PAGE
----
The common element to both of these incidents is that both started online, but quickly spiraled into meatspace. It is not far-fetched to imagine that this could happen within an online game's community. In the past, Western gamers have banded together to identify and harass other players that have exposed themselves in some way. For instance, when a hapless adventurer named Ceciliantas used his apartment in EverQuest 2 for some "quality roleplay," the torrid logs were quickly posted on the independently-hosted forums for his server. The story quickly spread across the internet, and the player was harassed to the point of making a new character. Although the harassment didn't spill out into the real world, going that extra yard would not have been too difficult. For instance, as a result of his posts defending himself, the owner of the message forum had his IP address captured. With that IP address, it is not too difficult to locate its physical location. Police departments use this software to track child predators, and it's also available to the general public.

While most people would never dream of intruding on someone else's solitude, this sentiment seems to fade when they are online. From gamers who engage in griefing to the nefarious individuals who fill our inboxes with spam and phishing scams, some of us abuse our online anonymity. This same anonymity seems to empower these iMobs, who have a very real target with a known identity. Each member of the iMob is just as anonymous as he or she chooses to be. It seems much easier to point out the mote in someone's eye when nobody can see the beam in yours. It is even easier when several hundred to thousand people are after the same person. Much like the lynch mobs of old, it is easier to persecute someone when "all the other kids are doing it."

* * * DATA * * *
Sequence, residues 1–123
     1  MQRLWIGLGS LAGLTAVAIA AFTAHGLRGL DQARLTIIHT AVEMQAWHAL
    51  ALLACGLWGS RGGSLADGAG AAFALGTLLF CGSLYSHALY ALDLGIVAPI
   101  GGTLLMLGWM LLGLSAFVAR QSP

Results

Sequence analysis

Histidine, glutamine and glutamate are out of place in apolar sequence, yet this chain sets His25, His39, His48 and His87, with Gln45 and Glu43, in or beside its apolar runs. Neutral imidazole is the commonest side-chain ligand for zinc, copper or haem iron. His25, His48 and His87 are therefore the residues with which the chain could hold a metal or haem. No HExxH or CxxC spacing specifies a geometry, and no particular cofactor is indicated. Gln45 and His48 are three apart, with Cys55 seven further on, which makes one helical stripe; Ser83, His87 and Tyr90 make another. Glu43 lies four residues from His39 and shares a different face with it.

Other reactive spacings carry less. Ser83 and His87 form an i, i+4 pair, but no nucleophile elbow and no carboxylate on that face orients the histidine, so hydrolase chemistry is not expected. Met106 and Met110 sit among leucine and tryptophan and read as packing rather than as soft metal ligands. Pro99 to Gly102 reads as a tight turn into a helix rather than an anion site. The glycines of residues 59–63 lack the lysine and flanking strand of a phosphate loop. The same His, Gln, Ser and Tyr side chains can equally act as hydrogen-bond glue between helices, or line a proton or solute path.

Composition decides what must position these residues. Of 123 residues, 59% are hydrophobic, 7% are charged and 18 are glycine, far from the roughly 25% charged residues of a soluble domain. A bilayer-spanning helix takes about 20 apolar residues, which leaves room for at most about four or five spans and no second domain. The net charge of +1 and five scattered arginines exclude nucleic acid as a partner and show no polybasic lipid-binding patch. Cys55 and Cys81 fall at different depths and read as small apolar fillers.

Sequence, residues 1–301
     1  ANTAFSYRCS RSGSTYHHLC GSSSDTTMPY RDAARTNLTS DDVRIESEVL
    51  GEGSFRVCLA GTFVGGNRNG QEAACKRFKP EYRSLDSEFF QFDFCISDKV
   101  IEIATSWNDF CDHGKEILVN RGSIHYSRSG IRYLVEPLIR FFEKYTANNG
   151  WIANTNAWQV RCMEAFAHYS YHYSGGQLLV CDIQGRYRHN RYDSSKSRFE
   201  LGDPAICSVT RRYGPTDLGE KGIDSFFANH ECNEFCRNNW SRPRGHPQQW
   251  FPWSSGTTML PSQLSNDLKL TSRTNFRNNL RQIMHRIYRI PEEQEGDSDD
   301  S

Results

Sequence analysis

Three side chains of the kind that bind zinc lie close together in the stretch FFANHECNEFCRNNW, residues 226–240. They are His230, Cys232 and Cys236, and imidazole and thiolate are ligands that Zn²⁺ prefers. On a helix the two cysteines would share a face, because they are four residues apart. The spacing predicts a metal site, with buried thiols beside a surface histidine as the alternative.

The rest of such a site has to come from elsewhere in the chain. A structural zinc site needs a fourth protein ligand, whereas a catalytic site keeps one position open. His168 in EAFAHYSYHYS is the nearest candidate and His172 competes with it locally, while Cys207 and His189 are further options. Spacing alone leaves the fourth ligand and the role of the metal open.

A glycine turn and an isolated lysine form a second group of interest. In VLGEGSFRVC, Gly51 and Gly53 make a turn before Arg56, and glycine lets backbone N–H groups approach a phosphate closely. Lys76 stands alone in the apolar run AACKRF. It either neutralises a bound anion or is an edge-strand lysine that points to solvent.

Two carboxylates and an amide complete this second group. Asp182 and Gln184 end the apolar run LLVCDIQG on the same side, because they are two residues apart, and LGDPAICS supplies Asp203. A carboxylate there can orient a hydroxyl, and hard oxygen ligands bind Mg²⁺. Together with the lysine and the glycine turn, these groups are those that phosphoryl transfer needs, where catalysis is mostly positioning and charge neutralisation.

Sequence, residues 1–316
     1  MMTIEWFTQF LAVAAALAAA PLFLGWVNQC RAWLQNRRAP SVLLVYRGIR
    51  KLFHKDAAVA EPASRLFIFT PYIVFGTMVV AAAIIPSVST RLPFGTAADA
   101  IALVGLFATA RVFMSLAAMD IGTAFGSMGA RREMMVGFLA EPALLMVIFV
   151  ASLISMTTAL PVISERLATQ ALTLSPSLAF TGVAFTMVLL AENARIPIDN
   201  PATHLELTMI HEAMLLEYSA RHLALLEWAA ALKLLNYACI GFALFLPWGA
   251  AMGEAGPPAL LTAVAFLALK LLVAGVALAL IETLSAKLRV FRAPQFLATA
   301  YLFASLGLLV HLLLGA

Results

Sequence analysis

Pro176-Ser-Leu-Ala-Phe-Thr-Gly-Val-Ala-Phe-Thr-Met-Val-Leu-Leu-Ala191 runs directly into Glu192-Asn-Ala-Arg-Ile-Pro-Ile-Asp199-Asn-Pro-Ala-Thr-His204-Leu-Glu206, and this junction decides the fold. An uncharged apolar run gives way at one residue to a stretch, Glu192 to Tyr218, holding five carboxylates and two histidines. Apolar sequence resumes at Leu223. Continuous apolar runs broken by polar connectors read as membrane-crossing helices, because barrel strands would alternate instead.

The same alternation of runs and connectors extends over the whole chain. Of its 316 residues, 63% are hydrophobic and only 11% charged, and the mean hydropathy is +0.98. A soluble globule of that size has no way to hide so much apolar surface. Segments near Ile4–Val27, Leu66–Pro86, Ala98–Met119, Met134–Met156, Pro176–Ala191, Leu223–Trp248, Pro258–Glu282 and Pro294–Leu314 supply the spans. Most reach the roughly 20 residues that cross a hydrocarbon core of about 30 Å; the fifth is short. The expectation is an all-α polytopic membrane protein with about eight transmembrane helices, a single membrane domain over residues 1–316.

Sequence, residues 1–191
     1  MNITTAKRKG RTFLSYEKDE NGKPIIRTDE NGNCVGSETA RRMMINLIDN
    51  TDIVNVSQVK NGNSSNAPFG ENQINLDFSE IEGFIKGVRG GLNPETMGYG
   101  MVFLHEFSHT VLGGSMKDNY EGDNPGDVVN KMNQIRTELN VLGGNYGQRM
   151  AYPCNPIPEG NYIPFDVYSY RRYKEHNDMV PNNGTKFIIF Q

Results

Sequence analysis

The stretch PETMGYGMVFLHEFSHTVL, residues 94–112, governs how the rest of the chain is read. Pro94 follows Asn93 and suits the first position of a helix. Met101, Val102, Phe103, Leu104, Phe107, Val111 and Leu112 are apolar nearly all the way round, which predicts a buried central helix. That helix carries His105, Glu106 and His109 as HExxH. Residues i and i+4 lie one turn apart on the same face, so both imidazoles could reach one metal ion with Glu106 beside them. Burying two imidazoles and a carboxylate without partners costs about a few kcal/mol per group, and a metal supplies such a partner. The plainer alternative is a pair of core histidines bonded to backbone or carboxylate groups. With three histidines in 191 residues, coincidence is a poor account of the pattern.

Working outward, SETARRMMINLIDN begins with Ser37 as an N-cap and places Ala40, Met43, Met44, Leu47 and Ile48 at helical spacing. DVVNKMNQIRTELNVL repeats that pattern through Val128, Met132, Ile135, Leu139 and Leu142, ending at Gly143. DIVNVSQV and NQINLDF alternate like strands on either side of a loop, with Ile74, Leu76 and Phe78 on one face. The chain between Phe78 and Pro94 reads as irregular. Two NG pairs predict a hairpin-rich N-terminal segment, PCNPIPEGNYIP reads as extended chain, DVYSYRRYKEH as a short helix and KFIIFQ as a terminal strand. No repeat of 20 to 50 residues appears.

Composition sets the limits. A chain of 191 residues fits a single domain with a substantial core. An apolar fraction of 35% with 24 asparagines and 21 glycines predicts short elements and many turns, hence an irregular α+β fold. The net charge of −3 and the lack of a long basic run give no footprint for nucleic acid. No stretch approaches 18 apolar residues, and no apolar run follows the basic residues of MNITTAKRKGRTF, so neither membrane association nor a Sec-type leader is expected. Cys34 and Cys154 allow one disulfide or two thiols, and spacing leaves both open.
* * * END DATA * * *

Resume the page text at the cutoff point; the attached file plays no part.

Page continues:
One example of this behavior is the outing of Prokofy Neva, a resident of Second Life. Prokofy was a vocal and often controversial poster on the Second Life forums. Nolan Nash, another resident, began posting Prokofy's real-life information to the forums. While many Second Life residents expressed their outrage that someone would violate another's privacy in that manner, many intimated that Prokofy deserved it. While the information was easily discoverable, Prokofy's expectation was that nobody would delve that deep. Although there were no reported repercussions in meatspace, this "outing" compromised the purported sanctity of Prokofy's online persona. Ultimately, Prokofy was banned from the Second Life forums.

His banning was the result of the Second Life equivalent of an iMob on the forums - people who, possibly with the endorsement of one of Linden Lab's employees, pursued the controversial poster, attempting to enrage him to the point of violating the in-game terms of service or forum guidelines. Instead of changing avatars to return to the forums, or simply to hide from those who dislike him, Prokofy has remained in-world, managing his businesses.

When people are victimized by online stalkers, the damage to the person behind the keyboard can be severe. Although it seems easy to minimize the plight of people who "deserve it," being hounded by others and chased away from a community is no less hurtful because the victim is unpopular. As long as the herd mentality is alive and well, drawing the attention of the iMob is a risk any outspoken online persona takes.

Matthew 'CmdrSlack' Hector is a licensed attorney in the State of Illinois. He is currently writing for Real Name Gamers.

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